Overcoming obstacles to Fellowship
The need for effective small group ministry is implied in the New Testament. If the local church is to truly develop the spiritual gifts of its members, and mobilize the terrific power of the Holy Spirit to work through a trained and experienced laity, if it is to facilitate true relationship-based community, it will need to organize smaller groups where these can be fostered.
The problems encountered when trying to establish a home group ministry sometimes include a lack of participation and interest on the part of the members of the church. Sometimes a small minority of the church struggles along, unwilling to admit failure in the program, and developing a “faithful remnant” theology which justifies, on theological grounds, the lack of growth and lack of participation by the other members. Church division is also a possibility, although we have not seen very many cases where this occurred.
Problems associated with fellowship
There are a number of good theological and practical reasons why these groups usually fail. These are;
1. They are often not based on New Testament theory
Both New Testament example and principle argue for small home-sized groups as a key feature of the local church. In the area of biblical example, Acts 2:46 states that the Jerusalem church met “in the temple” and “from house to house . . .
The church must provide smaller group settings where relationships can grow between members so they will be able to discover each other’s needs. Only then will they be able to meet those needs on an individual level.
Unfortunately, when churches attempt to initiate a small group ministry, they sometimes fail to teach and persuate their people that the purpose of the meeting is to practice these biblical principles. The result is sometimes a wrong impression on the part of most participants. Members often feel that the meeting is primarily intended as a social gathering, a support group, or a place where “my needs can be met,” rather than “a place where I can develop a ministry.”
The first order of business in beginning this kind of ministry is to launch a teaching offensive in the church. The goal would be to establish an understanding and a vision of the New Testament model and the spiritual goals associated with lay mobilization in the minds of the participants.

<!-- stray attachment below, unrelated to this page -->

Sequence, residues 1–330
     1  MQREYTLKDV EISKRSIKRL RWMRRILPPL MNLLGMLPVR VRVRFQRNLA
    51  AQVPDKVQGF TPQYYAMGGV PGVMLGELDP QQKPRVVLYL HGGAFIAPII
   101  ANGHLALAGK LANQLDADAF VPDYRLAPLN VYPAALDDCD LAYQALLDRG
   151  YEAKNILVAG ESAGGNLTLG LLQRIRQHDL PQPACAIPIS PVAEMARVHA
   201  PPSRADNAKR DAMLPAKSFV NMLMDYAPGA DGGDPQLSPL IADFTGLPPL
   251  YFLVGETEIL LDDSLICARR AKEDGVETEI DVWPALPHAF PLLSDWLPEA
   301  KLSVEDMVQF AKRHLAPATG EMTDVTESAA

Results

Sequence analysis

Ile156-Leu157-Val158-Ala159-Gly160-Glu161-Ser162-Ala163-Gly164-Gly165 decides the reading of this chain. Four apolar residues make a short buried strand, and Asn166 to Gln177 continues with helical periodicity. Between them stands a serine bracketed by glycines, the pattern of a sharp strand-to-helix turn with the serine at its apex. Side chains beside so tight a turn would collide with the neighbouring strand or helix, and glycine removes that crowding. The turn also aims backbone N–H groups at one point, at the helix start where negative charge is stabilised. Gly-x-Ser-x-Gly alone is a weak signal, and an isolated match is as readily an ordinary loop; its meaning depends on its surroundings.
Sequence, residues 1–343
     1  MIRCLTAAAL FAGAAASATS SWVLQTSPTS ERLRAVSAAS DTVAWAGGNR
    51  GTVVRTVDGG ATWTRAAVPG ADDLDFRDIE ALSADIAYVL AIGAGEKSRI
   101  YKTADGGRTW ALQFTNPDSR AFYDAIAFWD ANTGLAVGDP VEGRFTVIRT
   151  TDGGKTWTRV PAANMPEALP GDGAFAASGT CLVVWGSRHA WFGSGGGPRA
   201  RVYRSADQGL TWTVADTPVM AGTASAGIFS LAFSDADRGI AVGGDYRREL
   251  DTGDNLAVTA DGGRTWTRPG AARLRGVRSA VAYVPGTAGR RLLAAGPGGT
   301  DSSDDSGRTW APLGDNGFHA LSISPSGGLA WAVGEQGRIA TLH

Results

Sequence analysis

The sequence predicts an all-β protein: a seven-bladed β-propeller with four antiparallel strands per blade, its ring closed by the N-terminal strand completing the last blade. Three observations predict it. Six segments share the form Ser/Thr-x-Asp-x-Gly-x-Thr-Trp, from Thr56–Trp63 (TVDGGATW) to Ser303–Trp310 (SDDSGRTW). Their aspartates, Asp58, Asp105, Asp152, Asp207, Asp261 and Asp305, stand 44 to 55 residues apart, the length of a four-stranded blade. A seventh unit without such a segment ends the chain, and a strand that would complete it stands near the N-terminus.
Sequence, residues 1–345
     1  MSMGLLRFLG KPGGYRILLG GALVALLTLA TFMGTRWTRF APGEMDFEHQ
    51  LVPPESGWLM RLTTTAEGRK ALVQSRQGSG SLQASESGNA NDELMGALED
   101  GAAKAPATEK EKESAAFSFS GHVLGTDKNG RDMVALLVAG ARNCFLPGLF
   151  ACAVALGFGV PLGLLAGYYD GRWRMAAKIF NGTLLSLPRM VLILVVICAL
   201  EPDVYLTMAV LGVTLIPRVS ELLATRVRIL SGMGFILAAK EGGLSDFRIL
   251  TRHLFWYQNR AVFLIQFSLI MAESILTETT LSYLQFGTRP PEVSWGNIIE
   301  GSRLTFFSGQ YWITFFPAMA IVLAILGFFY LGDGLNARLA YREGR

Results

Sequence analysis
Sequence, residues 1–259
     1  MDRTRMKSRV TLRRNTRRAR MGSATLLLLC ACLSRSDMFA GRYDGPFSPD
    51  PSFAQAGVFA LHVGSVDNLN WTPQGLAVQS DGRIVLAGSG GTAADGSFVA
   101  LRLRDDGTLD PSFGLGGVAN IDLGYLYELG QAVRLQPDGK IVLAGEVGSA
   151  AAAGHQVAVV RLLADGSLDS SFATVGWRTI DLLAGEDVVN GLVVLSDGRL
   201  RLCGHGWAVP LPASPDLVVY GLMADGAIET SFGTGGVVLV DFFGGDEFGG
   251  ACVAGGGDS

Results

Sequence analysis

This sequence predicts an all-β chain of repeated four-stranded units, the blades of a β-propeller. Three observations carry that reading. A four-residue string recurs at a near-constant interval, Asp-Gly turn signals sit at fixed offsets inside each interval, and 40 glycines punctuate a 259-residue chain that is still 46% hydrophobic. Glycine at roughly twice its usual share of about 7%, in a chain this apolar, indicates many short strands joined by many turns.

2. The wrong criteria are sometimes followed for the selection of leaders
In many of our churches, it may be very difficult to determine who our authentic leaders are. This is because they have not had ample opportunity to try their hand at leadership. In these cases, we will have to pick leaders on the basis of the best criteria possible. Later, when lay-led groups are in place, it should be possible to evaluate the effectiveness of the work done by the more committed members of the group. Other things being equal, the more effective workers should be the first to be moved forward.
3. Frequently, insufficient authority is given to the leaders
If the home fellowship is to be fashioned after the Biblical examples of house churches, then the leaders of the groups should be allowed to run their groups the way the leaders of the New Testament house churches ran theirs. Since the New Testament instructs readers to respect their leaders and to follow their lead in the running of the home church, we can assume those leaders had many decisions delegated to them. (I Corinthians 16:16; Hebrews 13:17; I Thessalonians 5:14)
4. The groups may have an unhealthy inward-focus
Small groups are often set up with the ultimate goal of fellowship or personal support rather than evangelism or mission. While quality fellowship and support is one of the rewards of small group ministry, it is an inadequate basis. If we have only fellowship as our goal, the group is corporately self-centered, or self-focused. Thus, it’s no surprise that such groups are prone to division and discontent. This is because outreach and mission are the natural context within which fellowship should occur.